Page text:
Aside from legal costs, there is the broker's fee, there's usually a 5% discount for foreclosures, and then there are the costs of utilities, vacant home property insurance, taxes, etc. It doesn't pay you to keep your REO smiling on the shelf. Last year it seemed like many lenders were letting these sit, hoping that the market would pick up later and that they could then move them without too much trouble. This year, that fantasy is seen for the fantasy it was.

Do 'pendings' still mean anything? We've been house hunting 4 out of the last 5 years (no, I did not pray for patience, however I am now)and until a few months ago, kept houses in my favorites to watch for price reductions. Now it's more interesting to watch and see if 'pendings' go through. Hope all is well in your world!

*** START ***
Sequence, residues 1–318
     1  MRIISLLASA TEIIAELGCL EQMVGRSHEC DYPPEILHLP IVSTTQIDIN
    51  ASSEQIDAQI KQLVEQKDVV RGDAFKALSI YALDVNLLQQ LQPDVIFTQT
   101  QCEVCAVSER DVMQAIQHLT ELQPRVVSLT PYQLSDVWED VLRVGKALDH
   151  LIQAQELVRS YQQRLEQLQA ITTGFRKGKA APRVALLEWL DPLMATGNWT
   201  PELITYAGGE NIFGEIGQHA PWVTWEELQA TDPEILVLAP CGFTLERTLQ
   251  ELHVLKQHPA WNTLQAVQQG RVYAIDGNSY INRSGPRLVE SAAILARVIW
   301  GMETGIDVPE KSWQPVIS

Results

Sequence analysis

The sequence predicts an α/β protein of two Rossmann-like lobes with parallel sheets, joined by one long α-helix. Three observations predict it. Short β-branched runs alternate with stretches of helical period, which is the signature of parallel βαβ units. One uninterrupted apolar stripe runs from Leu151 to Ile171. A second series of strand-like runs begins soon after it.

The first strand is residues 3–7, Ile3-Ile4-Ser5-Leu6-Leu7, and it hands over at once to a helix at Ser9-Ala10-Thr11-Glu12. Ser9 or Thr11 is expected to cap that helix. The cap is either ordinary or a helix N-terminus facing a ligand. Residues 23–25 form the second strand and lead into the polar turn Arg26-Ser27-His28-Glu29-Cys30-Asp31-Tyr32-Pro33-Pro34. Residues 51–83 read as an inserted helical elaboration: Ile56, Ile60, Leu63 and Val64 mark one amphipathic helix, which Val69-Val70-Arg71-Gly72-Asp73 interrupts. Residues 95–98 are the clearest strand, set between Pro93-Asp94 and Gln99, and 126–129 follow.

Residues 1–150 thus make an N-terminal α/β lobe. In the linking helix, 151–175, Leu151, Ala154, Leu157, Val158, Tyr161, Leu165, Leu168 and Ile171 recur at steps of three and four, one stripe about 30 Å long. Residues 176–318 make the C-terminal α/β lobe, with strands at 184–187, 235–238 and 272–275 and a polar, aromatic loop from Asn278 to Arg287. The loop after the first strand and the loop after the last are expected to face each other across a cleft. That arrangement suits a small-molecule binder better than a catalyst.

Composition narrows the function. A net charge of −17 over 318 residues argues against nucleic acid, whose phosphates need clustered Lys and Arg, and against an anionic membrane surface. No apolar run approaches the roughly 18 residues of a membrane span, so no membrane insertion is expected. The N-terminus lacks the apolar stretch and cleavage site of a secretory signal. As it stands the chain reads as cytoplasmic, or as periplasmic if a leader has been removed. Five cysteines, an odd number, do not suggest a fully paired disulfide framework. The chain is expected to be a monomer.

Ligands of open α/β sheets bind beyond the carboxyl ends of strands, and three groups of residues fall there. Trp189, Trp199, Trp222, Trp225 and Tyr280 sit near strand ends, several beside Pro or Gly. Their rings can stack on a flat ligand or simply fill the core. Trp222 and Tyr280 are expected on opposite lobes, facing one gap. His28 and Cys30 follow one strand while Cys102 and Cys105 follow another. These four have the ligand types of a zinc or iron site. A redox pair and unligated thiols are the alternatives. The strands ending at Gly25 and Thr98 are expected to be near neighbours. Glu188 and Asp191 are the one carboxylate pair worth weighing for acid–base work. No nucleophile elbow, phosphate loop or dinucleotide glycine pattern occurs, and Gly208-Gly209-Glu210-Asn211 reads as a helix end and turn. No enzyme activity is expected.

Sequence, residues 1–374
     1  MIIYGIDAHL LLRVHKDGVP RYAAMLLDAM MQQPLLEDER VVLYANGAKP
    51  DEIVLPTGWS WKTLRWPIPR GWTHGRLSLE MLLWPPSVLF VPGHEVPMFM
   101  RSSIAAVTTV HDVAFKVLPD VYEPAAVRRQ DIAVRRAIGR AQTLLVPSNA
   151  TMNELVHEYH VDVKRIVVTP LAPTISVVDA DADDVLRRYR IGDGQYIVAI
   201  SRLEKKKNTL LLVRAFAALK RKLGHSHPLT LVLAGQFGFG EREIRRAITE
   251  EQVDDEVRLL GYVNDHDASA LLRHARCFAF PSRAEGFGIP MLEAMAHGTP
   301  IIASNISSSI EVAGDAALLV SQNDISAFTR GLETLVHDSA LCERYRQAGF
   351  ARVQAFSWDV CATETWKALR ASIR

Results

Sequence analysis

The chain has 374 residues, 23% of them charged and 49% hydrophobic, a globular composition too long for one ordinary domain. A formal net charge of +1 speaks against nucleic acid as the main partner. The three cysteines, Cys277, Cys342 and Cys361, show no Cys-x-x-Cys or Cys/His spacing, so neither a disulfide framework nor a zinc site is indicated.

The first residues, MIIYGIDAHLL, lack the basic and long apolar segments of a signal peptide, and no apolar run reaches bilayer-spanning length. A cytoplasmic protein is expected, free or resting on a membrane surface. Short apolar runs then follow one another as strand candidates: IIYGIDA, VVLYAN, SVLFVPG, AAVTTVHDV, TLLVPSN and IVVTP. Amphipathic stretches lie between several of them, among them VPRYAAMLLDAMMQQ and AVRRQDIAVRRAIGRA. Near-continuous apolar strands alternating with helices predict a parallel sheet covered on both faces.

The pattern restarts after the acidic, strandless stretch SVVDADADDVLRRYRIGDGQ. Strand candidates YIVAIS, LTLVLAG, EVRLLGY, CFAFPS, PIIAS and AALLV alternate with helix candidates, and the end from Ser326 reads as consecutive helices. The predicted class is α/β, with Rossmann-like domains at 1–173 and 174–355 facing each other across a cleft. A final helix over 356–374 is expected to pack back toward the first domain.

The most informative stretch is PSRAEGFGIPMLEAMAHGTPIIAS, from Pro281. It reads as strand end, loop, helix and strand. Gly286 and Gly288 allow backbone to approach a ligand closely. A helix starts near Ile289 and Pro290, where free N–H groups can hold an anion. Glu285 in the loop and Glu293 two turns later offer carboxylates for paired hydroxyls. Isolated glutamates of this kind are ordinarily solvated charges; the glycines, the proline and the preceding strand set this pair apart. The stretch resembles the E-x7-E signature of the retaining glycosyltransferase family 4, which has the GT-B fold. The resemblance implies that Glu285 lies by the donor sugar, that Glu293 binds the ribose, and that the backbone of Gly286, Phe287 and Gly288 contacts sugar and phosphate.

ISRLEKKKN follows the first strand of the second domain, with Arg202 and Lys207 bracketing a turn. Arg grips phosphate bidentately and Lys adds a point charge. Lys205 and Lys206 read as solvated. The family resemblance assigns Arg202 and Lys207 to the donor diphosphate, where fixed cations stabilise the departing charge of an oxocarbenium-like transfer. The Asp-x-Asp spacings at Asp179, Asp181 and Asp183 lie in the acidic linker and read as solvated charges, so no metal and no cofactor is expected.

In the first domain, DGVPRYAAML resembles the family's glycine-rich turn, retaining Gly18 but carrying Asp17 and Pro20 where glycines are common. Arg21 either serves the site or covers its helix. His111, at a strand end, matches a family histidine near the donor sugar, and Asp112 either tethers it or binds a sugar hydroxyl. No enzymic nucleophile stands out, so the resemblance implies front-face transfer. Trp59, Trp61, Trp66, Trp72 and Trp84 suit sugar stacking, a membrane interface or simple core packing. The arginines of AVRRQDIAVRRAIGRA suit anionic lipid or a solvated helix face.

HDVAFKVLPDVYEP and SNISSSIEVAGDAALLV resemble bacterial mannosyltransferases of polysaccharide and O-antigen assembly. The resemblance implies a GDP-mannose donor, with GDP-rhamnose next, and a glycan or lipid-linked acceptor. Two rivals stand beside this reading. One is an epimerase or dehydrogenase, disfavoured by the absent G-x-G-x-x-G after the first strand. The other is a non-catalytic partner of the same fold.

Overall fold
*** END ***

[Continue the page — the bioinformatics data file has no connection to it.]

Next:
I think they do. As prices fall it brings far more people into the qualifying bracket.

The limiting factor for many of these places is that you need a decent-sized downpayment.
Pendings are very misleading. If it takes twice as long to close pendings get double counted.

Next leg down; running out of buyers. The universe of qualified and interested is being winnowed from both ends. Fewer qualified and those that are qualified and interested are buying and thus reducing the pool. The next wave of REOs will go begging unless they instantly cash flow and even then I'll let somebody jump in first.
Rob - that's what I'm wondering.

In a way, most of CA is a special case. The state has a very low percentage of home owners, so a lot of possible demand.

Of course, what percentage of those people are recent immigrants?

But you're right. The best prospects will get sucked up this year. They have money in the bank and have been looking to buy for years but haven't thought it makes sense. As the good stuff comes on the markets at substantial discounts (and it isn't rare to get 30-40% off), they buy.

There's another cohort behind those. They have good jobs, but maybe not as much money in the bank. They can save up, but will need some time.

I don't see prices bottoming in CA overall until about 2010. The problem is that you almost have to sell REO at what will be the bottom price, or close to it.